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Breastfeeding: Weaning from breast pumping

At Children's, we support breastfeeding. Because your baby was premature or ill, you have been maintaining your milk supply by pumping your breasts. This sheet is a guide for how to gradually wean from pumping and how to identify possible problems.

How long should I keep pumping my breasts?

When you take your baby home, pump your breasts for 15 minutes after each daytime nursing. Do this until your baby's due date, and until your baby is breastfeeding well at every feeding.

If breastfeeding is going well by your baby's due date, plan to decrease your pumping time on both breasts by two minutes every other day, following this schedule:

Days after due date Pump this long after nursing
Due date and day 2 13 minutes
Days 3 and 4 11 minutes
Days 5 and 6 9 minutes
Days 7 and 8 7 minutes
Days 9 and 10 5 minutes
Day 11 and 12

5 minutes on the breast baby did not nurse.
(If your baby is nursing from both breasts, skip this step.)











Starting 13 days after your baby's due date, pump only if you are uncomfortable, as well as when you are away from your baby at breastfeeding times.

What problems might I have with weaning from pumping?

Check your breasts carefully for signs of weaning too fast:

  • breasts feel overly full or uncomfortable
  • lumps in your breast (this means you may have plugged ducts)

If you have plugged ducts:

  • massage your breast, especially while breastfeeding or pumping.
  • while breastfeeding, latch your baby on so the nose is pointed toward the plugged duct.

How do I know if my baby is getting enough milk?

  • You can see or hear your baby swallowing.
  • Your breasts feel softer and less full after breastfeeding.
  • Baby should have 6 to 8 wet diapers per day after 5 days of age.
  • Baby should have 3 to 6 bowel movements per day at least until 4 to 6 weeks after the due date.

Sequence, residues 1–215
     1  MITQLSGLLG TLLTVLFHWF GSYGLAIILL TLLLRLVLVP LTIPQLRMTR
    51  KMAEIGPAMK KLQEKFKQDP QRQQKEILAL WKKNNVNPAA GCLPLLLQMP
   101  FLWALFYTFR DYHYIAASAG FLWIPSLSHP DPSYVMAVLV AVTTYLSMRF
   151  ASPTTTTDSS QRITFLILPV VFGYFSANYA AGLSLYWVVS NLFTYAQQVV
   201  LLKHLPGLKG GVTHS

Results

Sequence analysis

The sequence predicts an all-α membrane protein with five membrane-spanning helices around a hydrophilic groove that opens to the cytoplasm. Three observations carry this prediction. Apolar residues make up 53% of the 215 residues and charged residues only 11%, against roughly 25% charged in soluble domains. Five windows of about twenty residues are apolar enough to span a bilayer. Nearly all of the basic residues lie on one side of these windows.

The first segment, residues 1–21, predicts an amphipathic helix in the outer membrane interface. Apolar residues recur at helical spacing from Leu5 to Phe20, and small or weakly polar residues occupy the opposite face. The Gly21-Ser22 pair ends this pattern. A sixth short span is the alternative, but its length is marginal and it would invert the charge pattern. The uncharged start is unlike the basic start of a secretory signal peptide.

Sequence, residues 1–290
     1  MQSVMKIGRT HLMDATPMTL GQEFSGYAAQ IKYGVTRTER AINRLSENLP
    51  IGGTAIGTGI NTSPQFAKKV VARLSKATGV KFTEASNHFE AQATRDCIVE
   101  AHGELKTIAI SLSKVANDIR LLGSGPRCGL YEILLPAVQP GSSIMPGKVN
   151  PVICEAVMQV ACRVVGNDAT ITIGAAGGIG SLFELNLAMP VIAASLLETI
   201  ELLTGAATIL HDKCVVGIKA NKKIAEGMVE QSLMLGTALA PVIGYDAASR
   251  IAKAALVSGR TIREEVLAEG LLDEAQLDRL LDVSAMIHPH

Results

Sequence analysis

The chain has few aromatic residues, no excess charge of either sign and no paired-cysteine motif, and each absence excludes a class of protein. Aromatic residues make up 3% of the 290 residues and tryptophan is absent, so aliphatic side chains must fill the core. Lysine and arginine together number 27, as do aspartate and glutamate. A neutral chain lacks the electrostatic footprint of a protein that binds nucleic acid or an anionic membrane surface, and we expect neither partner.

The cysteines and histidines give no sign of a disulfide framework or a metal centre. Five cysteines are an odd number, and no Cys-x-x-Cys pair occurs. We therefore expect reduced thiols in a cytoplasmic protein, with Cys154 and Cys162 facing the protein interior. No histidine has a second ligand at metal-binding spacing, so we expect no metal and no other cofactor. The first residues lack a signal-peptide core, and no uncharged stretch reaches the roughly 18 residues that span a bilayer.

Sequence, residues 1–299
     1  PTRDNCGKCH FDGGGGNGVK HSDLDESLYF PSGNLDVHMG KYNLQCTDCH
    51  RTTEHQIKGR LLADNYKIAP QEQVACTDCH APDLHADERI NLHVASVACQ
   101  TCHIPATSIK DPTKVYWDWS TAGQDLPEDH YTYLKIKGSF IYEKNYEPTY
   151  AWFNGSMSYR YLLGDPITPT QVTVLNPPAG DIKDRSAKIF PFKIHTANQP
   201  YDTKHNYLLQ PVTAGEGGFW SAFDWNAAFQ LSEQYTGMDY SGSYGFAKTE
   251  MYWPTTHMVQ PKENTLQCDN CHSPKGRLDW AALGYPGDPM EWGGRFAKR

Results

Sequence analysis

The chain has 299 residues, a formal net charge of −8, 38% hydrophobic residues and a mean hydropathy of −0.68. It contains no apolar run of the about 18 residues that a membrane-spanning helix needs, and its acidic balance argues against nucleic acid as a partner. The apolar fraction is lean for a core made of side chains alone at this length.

• Baby is gaining at least 3 ounces per week.
  • Baby should be satisfied within 30 minutes of nursing.
  • After breastfeeding, your baby should not be acting hungry. Signs of hunger include:
    - nuzzling and open mouth movements
    - tense appearance
    - grunting or other sounds
    - kicking and arm movements
    - hand-to-mouth activity
    - crying (a late hunger sign)

Look at your nipples after feeding. If they look creased, pinched, or pointed, your baby was not latched correctly, and may not have been able to get enough milk.

When should I call the clinic?

Call the clinic if:

  • you have plugged ducts that you cannot relieve with massage
  • you have signs of breast infection:
    - fever, aching, or feeling ill
    - pain, tenderness, or warmth in breasts
  • you have sore nipples
  • you cannot tell if your baby is getting enough milk
  • feedings are lasting longer than 30 minutes most of the time


This sheet is not specific to you and your baby, but provides general information. If you have questions, please ask your doctor or check with your clinic or insurance plan for a breastfeeding consultant.

You may also call a breastfeeding consultant at Children's:

Minneapolis campus (612) 813-7654
St. Paul campus (651) 220-7126

Last reviewed by Children's lactation team 8/2015 

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This page is not specific to your child, but provides general information on the topic above. If you have any questions, please call your clinic. For more reading material about this and other health topics, please call or visit Children's Minnesota Family Resource Center library, or visit

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